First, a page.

IJ: Do you? It’s probably the one piece I regret publishing – the cover was the best thing about it. This is an unhappy story that demonstrates the dangers of disobeying your tastes in writing. The piece came from the Wylie Agency, who made a great fuss about the need to keep the author’s identity a secret – I was told he was well known. I read it, and thought it over-wrought in every sense: rather too breast-beating and wordy. But I’m just flesh and blood like anyone else, and I thought, that’s interesting, wonder who it might be? I thought maybe it’s Rushdie, he has the same agent. Could it be Rushdie, could it be Rushdie? I showed it to one of Rushdie’s ex-girlfriends and she said, “That’s Salman.” So I thought, maybe it is and maybe I should publish it. And I did, under the byline Anonymous after signing a contract that said the author could never be named. Why he was so fussy about this, God knows, he was only taking E. Eventually I discovered his name and it wasn’t Salman Rushdie, or indeed any writer I’d ever head of. In fact, it was such a forgettable name that I instantly forgot it. The piece attracted attention in newspapers – good! Small magazines need all the publicity they can get. But I’m still rather ashamed of my catchpenny intentions. The answer to your original question by the way is yes, I was closely involved in the covers, which sometimes caused distress and arguments.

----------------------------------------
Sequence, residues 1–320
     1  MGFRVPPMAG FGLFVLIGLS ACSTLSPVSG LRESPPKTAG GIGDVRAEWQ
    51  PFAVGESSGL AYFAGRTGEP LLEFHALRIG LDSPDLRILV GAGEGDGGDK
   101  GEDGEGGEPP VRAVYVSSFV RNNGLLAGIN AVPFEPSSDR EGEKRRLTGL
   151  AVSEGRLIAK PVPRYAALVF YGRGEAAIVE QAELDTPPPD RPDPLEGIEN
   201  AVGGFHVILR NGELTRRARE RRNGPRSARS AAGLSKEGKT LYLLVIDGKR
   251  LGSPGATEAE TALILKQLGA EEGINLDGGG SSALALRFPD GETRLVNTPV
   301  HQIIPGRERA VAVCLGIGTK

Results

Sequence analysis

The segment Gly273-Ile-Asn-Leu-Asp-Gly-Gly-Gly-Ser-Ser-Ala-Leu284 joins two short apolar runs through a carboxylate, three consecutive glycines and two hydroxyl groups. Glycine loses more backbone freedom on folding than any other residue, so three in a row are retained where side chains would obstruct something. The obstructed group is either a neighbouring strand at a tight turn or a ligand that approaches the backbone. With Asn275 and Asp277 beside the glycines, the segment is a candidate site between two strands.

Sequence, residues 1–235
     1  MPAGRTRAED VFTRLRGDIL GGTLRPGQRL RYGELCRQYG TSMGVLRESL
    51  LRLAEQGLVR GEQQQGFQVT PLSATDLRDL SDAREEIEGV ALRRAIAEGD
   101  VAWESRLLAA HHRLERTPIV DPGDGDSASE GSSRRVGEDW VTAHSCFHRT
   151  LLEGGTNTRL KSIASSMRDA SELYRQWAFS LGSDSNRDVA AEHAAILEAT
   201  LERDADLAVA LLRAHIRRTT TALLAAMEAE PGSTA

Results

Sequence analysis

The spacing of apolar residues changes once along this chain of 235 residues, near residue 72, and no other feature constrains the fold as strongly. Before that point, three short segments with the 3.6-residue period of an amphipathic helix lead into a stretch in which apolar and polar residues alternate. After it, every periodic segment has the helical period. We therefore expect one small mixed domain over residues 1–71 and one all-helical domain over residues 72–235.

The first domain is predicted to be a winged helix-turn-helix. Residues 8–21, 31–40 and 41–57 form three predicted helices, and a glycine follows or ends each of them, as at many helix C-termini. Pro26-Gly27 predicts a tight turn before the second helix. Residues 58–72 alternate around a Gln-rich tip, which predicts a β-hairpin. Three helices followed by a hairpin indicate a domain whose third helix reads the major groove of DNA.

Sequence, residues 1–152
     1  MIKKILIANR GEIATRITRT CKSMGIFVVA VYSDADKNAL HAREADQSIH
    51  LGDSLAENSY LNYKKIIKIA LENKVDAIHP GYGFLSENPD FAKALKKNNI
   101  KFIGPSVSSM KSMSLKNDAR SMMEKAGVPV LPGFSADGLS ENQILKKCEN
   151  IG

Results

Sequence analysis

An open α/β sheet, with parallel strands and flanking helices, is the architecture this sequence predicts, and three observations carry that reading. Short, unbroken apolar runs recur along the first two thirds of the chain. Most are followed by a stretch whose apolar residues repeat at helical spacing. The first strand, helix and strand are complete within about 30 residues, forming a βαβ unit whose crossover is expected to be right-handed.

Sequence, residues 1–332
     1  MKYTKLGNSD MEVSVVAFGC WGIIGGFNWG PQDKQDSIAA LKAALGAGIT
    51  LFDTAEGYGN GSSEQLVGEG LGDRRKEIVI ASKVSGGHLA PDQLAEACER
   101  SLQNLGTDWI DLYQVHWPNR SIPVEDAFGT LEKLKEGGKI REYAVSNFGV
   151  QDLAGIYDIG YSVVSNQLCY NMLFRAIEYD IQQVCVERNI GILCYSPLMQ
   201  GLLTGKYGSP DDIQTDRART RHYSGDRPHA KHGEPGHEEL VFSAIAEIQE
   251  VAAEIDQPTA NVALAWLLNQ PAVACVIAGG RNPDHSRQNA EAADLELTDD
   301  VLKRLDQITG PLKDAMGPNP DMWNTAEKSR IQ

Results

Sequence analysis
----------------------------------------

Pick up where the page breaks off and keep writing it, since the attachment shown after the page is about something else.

SRB: During the last London mayoral elections, you wrote a piece for the Guardian suggesting you’d leave London to live in Scotland if Boris Johnson was elected. Have you packed your bags?